The debate around Britain’s membership of the European is never far from the surface, and with a Conservative MP trying to get legislation through that will trigger an in or out referendum come 2017, it has been a hot topic in Westminster in recent days and weeks.
Deputy Prime Minister and Lib Dem Leader Nick Clegg gave a speech on the subject yesterday. Normally this would not be very attention grabbing, but his party launched a huge social media campaign in support of staying in the EU, tying in with the speech that was being made.
The campaign centred around the #whyiamIN hashtag, which allowed pro-Europeans to tweet a reason why they support Britain’s ongoing membership of the European union. It received high profile support from entrepreneur Richard Branson, who tweeted his 3.5million followers twice using the hashtag. He also published a blog post entitled “Why I am in”. In it he said:
It should go without saying that being a part of the European Union is better for all countries involved.
In the end #whyiamIN was included in thousands of tweets by hundreds of individuals and organisations, and the hashtag trended in the UK for about 5 hours. It battled for top spot for most of the day with Sunderland’s announcement that Gus Poyet was their new manager. This shows that the social media approach taken by the party gave the issue much more mainstream buy-in than it necessarily would have had there just been another speech by a politician covered by the newspapers.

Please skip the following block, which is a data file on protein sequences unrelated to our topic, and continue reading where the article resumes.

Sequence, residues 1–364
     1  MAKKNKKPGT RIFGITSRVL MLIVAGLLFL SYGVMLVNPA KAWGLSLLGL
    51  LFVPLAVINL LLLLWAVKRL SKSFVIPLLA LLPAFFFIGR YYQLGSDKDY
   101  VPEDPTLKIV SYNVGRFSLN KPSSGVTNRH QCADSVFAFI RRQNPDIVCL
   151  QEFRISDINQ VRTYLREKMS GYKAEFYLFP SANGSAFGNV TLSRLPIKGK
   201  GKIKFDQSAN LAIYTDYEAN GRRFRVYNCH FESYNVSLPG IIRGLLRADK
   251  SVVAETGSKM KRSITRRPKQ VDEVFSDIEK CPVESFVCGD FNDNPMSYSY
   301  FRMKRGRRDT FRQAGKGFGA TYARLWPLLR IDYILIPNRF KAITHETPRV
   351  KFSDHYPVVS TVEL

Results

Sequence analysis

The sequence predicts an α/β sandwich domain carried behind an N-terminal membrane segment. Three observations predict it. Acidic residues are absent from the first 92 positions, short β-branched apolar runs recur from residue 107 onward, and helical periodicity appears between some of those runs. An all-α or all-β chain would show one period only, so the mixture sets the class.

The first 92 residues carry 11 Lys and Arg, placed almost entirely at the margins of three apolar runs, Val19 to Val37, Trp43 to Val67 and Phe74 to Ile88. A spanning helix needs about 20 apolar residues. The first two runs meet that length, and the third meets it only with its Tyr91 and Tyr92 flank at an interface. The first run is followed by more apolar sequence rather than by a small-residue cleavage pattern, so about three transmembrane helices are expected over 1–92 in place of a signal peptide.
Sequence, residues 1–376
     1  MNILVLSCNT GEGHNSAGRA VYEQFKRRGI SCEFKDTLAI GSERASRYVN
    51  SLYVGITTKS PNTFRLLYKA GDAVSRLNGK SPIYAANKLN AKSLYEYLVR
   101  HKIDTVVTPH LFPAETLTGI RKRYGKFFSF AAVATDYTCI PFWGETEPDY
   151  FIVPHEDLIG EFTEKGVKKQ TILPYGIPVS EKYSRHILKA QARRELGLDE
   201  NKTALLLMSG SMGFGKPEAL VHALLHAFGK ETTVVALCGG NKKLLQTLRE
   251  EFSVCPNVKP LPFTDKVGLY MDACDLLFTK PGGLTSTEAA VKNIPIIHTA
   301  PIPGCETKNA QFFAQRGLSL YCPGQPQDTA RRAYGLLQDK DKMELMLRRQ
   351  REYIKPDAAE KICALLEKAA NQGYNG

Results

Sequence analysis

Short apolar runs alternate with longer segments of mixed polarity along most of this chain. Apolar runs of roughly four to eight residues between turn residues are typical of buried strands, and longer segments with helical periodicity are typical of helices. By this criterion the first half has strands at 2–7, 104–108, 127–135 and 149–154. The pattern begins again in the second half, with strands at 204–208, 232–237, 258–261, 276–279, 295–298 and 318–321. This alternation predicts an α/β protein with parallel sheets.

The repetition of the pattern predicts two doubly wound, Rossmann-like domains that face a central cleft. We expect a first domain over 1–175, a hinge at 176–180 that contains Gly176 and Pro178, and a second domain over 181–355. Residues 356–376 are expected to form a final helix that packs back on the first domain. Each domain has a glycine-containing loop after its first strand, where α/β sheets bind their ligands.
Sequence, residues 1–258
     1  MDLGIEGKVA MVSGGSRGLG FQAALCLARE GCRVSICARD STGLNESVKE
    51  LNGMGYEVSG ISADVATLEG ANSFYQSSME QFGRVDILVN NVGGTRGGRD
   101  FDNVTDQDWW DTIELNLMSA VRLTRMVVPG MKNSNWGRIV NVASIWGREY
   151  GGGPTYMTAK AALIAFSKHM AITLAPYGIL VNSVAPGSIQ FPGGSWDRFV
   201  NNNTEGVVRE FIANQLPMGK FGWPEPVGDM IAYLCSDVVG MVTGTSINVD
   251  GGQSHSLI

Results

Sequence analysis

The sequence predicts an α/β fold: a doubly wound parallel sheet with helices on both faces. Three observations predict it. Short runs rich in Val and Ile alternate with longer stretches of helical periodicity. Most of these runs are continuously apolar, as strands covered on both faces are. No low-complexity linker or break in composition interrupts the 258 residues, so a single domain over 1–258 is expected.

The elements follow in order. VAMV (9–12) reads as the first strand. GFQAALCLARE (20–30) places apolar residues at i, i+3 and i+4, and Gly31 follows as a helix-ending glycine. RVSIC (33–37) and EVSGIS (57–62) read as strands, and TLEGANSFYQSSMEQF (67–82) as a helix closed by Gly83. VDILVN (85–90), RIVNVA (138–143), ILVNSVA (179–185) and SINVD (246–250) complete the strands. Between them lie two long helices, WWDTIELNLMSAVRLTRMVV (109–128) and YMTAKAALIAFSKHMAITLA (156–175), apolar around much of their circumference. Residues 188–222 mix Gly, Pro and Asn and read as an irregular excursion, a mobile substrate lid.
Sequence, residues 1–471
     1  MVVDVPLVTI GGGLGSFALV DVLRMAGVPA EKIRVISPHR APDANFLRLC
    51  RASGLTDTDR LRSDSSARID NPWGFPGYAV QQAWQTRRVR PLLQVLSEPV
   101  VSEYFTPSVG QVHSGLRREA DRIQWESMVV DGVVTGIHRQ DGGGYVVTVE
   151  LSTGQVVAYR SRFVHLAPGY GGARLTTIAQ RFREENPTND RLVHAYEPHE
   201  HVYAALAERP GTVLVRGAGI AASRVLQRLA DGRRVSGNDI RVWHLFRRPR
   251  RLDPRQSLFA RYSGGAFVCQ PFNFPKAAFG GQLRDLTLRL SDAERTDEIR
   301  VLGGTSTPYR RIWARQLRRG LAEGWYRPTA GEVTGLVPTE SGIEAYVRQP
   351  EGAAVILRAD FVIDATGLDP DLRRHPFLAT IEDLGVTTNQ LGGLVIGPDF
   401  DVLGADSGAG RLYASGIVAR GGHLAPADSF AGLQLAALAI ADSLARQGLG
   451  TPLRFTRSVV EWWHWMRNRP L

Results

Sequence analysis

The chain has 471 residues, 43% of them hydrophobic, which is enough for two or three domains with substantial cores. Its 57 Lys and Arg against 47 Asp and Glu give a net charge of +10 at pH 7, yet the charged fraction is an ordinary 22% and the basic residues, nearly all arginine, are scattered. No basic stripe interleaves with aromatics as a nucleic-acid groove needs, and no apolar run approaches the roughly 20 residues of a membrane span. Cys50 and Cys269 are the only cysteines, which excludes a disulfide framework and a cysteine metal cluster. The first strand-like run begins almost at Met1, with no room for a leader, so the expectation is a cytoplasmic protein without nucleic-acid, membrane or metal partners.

Here on the Wall we often report on social media disasters – the well meant hashtag the goes horribly wrong (I’m looking at you Susan Boyle,) or the online q+a that gets hijacked by the haters. This though was well crafted, as the #whyiamIN hashtag is unambiguous and fairly hard for opponents and mischief makers to twist. It resulted in the Liberal Democrats finding an active online base of people who are engaged and pro-European that they can Â now utilise in future elections and campaigns
Of course, the Liberal Democrats and Nick Clegg are no strangers to viral trends. During the 2010 general election campaign #iagreewithNick, and #NickCleggsfault became full blown internet memes, and that’s before Clegg gained YouTube, and chart, success with his musical apology.
Yesterday was different though. It was a planned campaign that reflects that there have been huge moves by the Liberal Democrat party to boost its social offering. Output from their official twitter channels has increased and become more irreverent in recent weeks, and rollouts of other digital campaigning tools are underway. Under the party’s new head of media Phil Reilly and new digital director Steve Pitman, social media is being prioritised a lot more in the party’s communication, and yesterday was one example of that coming to fruition.